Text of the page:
Reflections on The Leadership Challenge Forum 2014

Research about and application of The Five Practices of Exemplary Leadership® remains vibrant and growing, as all of us who attended last month’s The Leadership Challenge Forum 2014 in New Orleans are aware.  In fact, the focus of this year’s conference was specifically around the Practice of Challenge the Process. Recognizing, confronting and overcoming adversity were clearly key sub-themes that were addressed in nearly every breakout session, skill-building session, and the great keynotes. And everyone received a copy of Jim and Barry’s latest short-form book and e-book, Turning Adversity into Opportunity, which tied directly to the theme of the Forum (also providing evidence that, as usual, the authors had been doing their homework between conferences).

Here are a few other highlights and personal reflections from my experience this year:

1.         Two things I most appreciate about Jim and Barry’s approach:  they continue to do research to help us all keep learning; and then they provide us with relevant and actionable options—not impressive-sounding but unusable theory. The Leadership Challenge model and the annual Forums are truly geared toward Enabling Others to Act, not just providing interesting but non-applicable knowledge.

2.         Symbolically, New Orleans was a perfect location given what the people there have had to overcome throughout the past few years. No matter how much all of us outsiders think we might know about Katrina, the people of New Orleans (and the Gulf Coast) have had a much different experience than we can imagine. A remarkable and heartwarming sense of history and pride exists in that city.

3.         The Forum offered a number of terrific learning opportunities. Jim and Barry, once again, happily gave up the stage to a couple of other authors: Bill Treasurer, author of Courageous Leadership, shared lessons and insights from his ongoing work on leading with courage; Jennifer Robin, author of No Excuses and The Great Workplace, helped everyone learn about what it takes to create a great workplace. Courage is part of dealing with adversity and it takes courage to confront the unchallengeable norms in a workplace in order to make it better. I always appreciate being exposed to the additive work of other researchers and authors, which is so often a great benefit of attending The Leadership Challenge Forum.

4.         The closing activity was an example of experiential learning at its best. To be in New Orleans and have a jazz ensemble rocking the room would have been grand enough by itself. But along with some great music, we were able to learn some powerful lessons about New Orleans traditions and music, songwriting, and collaboration. It was amazing to watch how the energy level continued to soar and how that energy, along with the lessons learned, was harnessed into an immediate result. We learned, we delivered, and we thoroughly enjoyed. Imagine that combination in your workplace every day!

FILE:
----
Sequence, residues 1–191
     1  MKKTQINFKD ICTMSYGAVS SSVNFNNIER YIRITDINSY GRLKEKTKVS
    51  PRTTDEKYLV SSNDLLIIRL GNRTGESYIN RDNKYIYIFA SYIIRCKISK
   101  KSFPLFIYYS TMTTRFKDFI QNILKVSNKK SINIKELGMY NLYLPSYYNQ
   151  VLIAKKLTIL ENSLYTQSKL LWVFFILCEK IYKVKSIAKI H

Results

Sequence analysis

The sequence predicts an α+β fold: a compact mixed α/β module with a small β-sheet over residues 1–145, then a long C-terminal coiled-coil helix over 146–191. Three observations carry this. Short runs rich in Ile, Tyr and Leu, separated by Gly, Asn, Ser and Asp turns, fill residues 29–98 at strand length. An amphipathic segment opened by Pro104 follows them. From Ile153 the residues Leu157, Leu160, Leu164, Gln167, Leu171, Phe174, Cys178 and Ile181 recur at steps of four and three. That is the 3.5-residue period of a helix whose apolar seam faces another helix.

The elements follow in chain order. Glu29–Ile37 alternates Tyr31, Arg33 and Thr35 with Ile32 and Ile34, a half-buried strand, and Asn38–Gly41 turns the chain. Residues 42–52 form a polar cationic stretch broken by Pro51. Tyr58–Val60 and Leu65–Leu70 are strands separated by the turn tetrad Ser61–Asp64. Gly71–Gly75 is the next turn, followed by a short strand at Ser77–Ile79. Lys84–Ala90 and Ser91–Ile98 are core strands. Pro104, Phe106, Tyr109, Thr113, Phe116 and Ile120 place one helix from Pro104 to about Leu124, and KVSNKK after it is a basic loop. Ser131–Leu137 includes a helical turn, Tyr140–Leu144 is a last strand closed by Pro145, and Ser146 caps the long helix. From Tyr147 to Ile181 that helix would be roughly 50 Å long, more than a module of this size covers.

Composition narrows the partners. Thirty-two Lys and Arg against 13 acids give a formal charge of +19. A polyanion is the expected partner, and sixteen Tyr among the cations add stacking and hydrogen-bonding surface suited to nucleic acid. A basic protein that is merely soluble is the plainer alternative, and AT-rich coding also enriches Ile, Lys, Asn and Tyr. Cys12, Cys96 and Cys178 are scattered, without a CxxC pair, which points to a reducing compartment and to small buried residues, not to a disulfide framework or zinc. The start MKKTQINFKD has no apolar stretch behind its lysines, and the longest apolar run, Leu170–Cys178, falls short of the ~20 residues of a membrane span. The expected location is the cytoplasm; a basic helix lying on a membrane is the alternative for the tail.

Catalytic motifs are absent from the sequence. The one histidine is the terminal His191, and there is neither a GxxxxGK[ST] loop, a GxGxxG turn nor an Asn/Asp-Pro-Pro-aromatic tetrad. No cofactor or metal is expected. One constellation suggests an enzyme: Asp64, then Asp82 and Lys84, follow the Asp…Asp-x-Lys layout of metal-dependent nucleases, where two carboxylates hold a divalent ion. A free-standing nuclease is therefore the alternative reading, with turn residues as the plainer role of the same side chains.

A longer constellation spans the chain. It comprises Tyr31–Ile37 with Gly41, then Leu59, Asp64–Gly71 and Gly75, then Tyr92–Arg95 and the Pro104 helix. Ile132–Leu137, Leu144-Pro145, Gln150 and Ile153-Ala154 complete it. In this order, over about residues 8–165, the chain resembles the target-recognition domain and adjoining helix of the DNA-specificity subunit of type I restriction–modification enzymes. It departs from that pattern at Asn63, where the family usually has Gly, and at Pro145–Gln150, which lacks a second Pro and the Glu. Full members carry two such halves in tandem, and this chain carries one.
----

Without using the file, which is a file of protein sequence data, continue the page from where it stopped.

5.         This may be my most important reflection. If there is one value that was immensely modeled at the Forum, it was generosity. Jim and Barry were very accessible and generous with their time and knowledge. All of the speakers, including the breakout session leaders, were generous in sharing what they know and what they have learned. Master Facilitators looked forward to sharing what they could with attendees who wanted and needed advice and knowledge. And our host, Wiley Publishing, continued to show great generosity in supporting the Masters Give Back program.  Several leaders from nonprofit organizations in the New Orleans area were provided the gift of The Leadership Challenge® Workshop this year, thanks to the generosity of Wiley and the many Master Facilitators who donated time and money to support these deserving nonprofit leaders. It is a joy for me to see this value so abundantly displayed.

6.         My final reflection is this: The Leadership Challenge community is not just a group of people from around the world who enjoy common work and like to come together to socialize around it once a year. Rather, it is a well-intentioned, focused community whose members are all deeply committed to the work of leadership development. There is a real power in this community. For years, many of us have seen the impact The Leadership Challenge has had on individual people and organizations of all kinds. And this impact is expanding worldwide, including places like Asia, Africa, and Australia (to alliteratively name a few). There are members of the community devoted to helping students become exposed to leadership at earlier ages and, as a result, perhaps changing their futures forever. And consider this…there is Leadership Challenge work being done in the Middle East, which with time and its accumulating, visible results could actually become a factor for future peace and interdependence. It is a privilege to be part of a community that makes such a difference for so many people.

PS:  In 2015, we will gather in San Francisco, June 18–19, to continue strengthening our collective desire to grow leaders and, yes, even change the world. We extend a hearty welcome to all who want to join in on this wild and rewarding adventure. Visit www. leadershipchallengeforum.com often over the next several months for the latest information.

Steve Coats, a Leadership Challenge® Certified Master, is a managing partner and co-owner of International Leadership Associates, a leadership development education and consulting firm. For over 25 years, Steve has taught, coached, and consulted with executives and all levels of managers around the world in leadership development, team development, personal growth, change, and business strategy. Steve can be reached at stevec@i-lead.com

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